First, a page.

by Shera Cohen

Laughs begin before the play does, as the announcer informs the audience of the usual dos and don'ts. Yet the instructions are far from usual. The audience's second response of laughter comes seemingly prior to the production as well. A bumbling late-comer cannot find his seat, stumbles over patrons, and ultimately sits in the first row, stage left. Indeed, he is the lead in this quirky play - actually two plays. An extremely bad melodrama is swallowed up by a farce. Think: Monty Python performs Agatha Christie.

As the pathetic play-within-a-play whodunit is mounted, two critics (actors) comment throughout. These men are none too bright although they sound smart - English accents do that. In reading the program book, character names are giveaways that something funny is amuck. Descriptions alongside these names ("the crippled half-brother" and "mysterious stranger") are pluses in case anyone misses the joke the first time.

Director Jonathan Croy, one of a Shakespeare & Company's best actors/directors and ol' timers, purposely paints both plays with broad strokes, all for the sake of non-stop humor. His cast includes some Berkshire "greats" like Josh Aaron McCabe (lecherous critic), David Joseph (suave murderer), and Wolfe Coleman (brainless inspector). The comedy is physical. A card game is a hodgepodge of anything goes. A love scene, if you could call it that, involves the pair rolling all over the floor and into a dead man. Yet, nothing stops this chaos.

While the blind housekeeper joke is lovely, it goes on a bit too long, even for the farce factor of "let's milk it." Also, with two characters seated in the audience, it must be a problem for those seated behind them to fully see what is going on. Section A seating is dead on, but a recommendation is to ask about sightlines before purchasing tickets.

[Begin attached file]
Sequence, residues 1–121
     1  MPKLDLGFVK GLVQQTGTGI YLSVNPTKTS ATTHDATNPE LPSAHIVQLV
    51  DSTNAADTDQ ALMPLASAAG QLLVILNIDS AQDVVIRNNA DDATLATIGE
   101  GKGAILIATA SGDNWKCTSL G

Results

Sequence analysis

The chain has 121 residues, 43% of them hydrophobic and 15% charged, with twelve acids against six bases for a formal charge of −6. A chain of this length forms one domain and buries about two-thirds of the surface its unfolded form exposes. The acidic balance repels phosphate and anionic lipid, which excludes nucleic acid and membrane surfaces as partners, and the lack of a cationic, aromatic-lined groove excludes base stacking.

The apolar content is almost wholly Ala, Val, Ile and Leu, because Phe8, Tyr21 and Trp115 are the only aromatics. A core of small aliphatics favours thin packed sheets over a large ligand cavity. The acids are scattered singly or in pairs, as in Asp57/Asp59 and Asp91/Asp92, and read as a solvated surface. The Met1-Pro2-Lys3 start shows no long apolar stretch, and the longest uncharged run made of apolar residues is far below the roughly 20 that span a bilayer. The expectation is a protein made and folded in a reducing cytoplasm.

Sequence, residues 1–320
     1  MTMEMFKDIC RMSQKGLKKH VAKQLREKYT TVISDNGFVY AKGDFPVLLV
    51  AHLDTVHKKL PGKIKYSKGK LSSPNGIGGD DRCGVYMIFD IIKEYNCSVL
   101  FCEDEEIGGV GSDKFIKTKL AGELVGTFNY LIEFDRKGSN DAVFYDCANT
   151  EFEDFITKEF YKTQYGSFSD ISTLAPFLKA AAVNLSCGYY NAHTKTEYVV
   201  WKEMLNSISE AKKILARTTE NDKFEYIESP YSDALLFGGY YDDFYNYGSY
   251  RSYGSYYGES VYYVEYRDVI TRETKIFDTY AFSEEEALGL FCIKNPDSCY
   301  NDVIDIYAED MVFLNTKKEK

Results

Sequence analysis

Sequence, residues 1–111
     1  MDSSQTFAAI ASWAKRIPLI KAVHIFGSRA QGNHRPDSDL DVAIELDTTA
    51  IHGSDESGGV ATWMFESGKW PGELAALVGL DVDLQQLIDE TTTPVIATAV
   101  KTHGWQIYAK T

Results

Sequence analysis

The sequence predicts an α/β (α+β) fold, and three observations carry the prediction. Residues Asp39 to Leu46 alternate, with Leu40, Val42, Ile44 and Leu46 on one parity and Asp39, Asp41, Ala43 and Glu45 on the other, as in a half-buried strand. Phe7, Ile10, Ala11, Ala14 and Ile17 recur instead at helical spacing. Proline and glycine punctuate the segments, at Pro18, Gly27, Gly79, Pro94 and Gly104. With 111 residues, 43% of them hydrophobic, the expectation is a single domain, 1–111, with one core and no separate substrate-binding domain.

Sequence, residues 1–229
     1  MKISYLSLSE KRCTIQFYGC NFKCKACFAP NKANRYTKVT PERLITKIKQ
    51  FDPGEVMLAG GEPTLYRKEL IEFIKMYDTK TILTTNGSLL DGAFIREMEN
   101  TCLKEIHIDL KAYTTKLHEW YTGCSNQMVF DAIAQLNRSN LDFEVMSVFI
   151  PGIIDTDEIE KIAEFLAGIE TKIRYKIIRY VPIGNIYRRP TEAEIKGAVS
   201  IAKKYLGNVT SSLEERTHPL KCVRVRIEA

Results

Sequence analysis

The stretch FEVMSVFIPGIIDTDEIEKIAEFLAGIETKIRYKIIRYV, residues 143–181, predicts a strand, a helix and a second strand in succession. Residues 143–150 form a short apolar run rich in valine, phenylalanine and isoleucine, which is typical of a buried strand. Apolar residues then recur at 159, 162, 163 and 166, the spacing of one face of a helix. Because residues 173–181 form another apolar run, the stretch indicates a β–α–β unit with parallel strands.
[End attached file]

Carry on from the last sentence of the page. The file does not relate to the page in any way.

The set is an isolated mansion. The sound is somewhat regal music upon the entrance of every character, every time. The elegant costumes are from a B movie set. And doesn't everyone wear a gown while playing tennis? There isn't anything on or in the set that is supposed to be real, which adds even more to the fun.

September 13, 2010

The 25th Annual Putnam County Spelling Bee

Majestic Theater, West Springfield, MA
through October 17, 2010
by Shera Cohen

How do you spell the one word that means: delightful story of three-dimensional characters, highs and lows of childhood, set to music? The answer: M-A-J-E-S-T-I-C. The Majestic kicks off the 2010/2011 season with a sweet play about a spelling bee. Seemingly an odd subject for a musical, the opening full-cast number sets the tones for the next two hours of warmth and fun.

The plot of "Bee" is exactly as one would expect - competition of youngsters in a spelling contest. These are the tense finals for six kids in the running. With audience participation of the brave souls who join the bee, the adults spell right along with the youth until all are purposely eliminated. The challenged words are those that the average person with a doctorate degree in English would never know. Each word is defined and used in a sentence, resulting in the biggest ongoing laughs of the show. Actor Tim Cochran's (Vice Principal) deadpan delivery adds to the humor. Event MC and former bee winner Rona, portrayed by Lori Efford, serves as den mother to the pack.

The competition continues with some losers and one winner. More important than the spelling of "chimerical" are the subjects of mutual and self-respect. Each young speller comes with poignant and sympathetic baggage, and every character possesses a physical or psychological flaw. In other words - these are real people. For adult actors to portray cute children is not an easy task. Throw in choreography and singing, and the burden (or joy) is three-fold. Two "students" need to enunciate their lyrics a bit (the funny lyrics must be heard). While "Bee" is an ensemble with a capital "E," a Majestic "regular" should be mentioned. One of the area's best actors/singers, Luis Manzi might have been better instructed to play his role as the ex-con Comfort Councilor broader.

The set is ideal as a typical school gym. The band of three never overpowers. Songs are not memorable, yet one is exquisite (Manzi, Efford, and Hilary Buxbaum's "I Love You Song"). Dual roles are clear. Passage of time is handled perfectly by director Meghan Lynn Allen. Be sure to be at the "Bee".